Showing posts from July, 2015

Mussorgsky - Night On Bald Mountain


The Prank: The Best of Young Chekhov

IT'S TRUE THAT CHEKHOV, gathering his work for collected editions, essentially renounced these stories by excluding all of them. But when he was 22 and trying to get The Prank (Шалость) okayed by the Moscow censor in 1882, he was mighty proud of them. By the time he submitted the book, he had published several dozen stories and skits in Moscow and Petersburg humor magazines. These dozen, with two of the best on either end, he selected and ordered, and his brother Nikolay, only two years older but already a well-known artist, contributed the spirited and risqué illustrations. Anton was the third son, but even at 19 he was his family’s savior, arriving in Moscow from Taganrog, their hometown on the Black Sea, to join his parents and younger siblings. (While his father fled creditors, Anton had stayed behind to finish school and to tutor and earn money.) His two older brothers, talented and careless, prey to drink, couldn’t stay out of their own ways. When the censors nixed the volume…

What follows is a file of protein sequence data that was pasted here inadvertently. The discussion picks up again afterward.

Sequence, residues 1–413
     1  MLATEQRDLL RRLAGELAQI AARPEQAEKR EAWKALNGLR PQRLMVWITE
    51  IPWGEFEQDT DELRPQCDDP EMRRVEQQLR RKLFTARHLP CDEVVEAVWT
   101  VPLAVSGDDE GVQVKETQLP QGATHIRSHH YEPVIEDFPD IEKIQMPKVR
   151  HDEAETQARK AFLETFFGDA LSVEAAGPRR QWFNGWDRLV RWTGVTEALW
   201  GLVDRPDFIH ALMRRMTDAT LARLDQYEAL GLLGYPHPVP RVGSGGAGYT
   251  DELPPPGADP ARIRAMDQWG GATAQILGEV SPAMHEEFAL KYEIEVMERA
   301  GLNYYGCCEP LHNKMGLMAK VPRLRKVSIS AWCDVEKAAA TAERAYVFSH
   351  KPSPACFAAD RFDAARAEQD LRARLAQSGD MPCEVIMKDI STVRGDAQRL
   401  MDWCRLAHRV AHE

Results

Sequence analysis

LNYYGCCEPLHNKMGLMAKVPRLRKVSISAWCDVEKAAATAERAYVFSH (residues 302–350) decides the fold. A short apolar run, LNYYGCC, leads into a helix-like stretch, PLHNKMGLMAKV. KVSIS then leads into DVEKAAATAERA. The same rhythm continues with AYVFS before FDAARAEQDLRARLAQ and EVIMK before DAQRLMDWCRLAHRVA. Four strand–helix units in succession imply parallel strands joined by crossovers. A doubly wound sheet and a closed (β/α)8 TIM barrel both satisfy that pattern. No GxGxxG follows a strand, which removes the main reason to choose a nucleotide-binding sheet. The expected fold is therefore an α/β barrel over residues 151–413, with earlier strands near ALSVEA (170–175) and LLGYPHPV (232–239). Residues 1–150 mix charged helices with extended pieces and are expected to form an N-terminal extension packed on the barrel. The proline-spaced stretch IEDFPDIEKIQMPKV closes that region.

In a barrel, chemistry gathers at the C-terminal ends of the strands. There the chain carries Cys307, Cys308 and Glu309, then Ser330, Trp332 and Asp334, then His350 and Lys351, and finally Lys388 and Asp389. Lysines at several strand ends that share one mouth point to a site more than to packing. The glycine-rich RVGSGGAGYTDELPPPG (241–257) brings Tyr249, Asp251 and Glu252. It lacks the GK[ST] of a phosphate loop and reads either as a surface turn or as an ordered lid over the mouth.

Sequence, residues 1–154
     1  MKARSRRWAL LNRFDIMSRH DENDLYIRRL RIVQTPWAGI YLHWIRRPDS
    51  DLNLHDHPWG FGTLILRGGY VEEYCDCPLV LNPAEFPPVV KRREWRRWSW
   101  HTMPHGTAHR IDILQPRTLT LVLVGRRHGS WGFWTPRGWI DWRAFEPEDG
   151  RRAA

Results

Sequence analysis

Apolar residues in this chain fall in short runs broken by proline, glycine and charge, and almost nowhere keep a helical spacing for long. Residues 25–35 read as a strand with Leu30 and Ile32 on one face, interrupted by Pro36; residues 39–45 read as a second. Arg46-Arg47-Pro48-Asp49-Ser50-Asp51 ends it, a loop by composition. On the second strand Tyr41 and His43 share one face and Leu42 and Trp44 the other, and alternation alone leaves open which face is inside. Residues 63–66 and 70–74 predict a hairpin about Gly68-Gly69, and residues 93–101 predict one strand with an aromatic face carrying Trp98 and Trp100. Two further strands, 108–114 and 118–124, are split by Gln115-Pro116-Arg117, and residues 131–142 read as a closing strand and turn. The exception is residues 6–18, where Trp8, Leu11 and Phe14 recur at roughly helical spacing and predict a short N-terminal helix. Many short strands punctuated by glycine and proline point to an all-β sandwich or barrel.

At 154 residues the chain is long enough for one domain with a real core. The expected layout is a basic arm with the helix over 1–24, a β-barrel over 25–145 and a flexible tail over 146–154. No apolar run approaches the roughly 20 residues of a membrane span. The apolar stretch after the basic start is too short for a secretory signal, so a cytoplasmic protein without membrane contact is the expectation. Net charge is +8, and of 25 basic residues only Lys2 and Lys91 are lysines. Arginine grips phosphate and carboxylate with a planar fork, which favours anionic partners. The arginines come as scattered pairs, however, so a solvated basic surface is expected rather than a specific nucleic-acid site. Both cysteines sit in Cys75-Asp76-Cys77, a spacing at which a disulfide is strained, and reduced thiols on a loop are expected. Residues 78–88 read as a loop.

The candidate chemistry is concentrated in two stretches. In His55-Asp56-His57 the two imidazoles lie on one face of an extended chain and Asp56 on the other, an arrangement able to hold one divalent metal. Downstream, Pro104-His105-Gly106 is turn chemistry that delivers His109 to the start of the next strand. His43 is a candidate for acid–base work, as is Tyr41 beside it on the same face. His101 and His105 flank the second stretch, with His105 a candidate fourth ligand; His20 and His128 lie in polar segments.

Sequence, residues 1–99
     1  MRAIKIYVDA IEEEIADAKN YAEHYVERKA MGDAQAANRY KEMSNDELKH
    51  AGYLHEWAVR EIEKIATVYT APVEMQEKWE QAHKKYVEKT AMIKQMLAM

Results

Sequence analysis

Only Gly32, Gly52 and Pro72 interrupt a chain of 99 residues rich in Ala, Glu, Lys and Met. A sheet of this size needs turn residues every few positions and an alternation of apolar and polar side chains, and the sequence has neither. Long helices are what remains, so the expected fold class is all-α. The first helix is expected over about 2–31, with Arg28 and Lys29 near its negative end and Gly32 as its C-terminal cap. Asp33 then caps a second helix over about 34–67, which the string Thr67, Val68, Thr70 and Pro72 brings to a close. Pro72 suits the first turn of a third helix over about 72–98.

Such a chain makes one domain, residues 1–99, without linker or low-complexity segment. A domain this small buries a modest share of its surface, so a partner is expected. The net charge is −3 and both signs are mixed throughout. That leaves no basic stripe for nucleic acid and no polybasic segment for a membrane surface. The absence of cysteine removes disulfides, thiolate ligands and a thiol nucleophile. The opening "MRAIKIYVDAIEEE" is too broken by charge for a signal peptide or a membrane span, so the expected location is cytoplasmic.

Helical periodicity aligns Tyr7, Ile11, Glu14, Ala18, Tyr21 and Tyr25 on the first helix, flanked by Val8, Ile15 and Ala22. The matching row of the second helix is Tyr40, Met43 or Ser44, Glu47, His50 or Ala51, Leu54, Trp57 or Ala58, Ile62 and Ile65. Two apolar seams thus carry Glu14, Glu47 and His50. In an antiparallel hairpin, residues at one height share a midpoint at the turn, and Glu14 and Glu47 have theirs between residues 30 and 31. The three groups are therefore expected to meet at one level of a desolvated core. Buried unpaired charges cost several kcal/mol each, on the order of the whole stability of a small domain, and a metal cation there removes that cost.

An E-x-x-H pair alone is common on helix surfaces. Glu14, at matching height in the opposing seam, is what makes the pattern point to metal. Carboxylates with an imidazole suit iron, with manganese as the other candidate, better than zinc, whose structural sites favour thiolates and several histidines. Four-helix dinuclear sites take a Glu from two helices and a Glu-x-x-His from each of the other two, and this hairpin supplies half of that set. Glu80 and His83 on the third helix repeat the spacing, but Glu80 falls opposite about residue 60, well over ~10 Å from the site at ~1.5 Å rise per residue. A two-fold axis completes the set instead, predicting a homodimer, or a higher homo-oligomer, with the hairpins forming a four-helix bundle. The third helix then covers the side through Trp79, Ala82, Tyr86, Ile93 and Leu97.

What the Dickens? Did Dostoevsky borrow his themes from English novelist?

Fyodor Dostoevsky was born in 1821, just nine years after Charles Dickens. Despite the small difference in age, Dickens was a role model for the Russian writer, experts say. Dostoevsky is known for his strong psychological characters that usually go through serious hardships. But looking deeper at Dostoevsky’s characters, there are obvious similarities and parallels with Dickens. 
In Dostoevsky’s novels it is difficult to find wealthy, confident and prosperous protagonists. In most cases, key characters are simple, often squalid people, trying to find their place in a harsh world. Like Dickens, Dostoevsky focuses on  ‘insulted and injured’ people, something the Russian writer seems to have largely taken from Dickens. Both writers demonstrate a desire to reform society.
Crime and its retribution is another motif close to both writers. It is noticeable particularly when Dostoevsky’s Crime and Punishment (1866) is compared with Dickens' Our Mutual Friend (1865). Dostoevsky’s novel was w…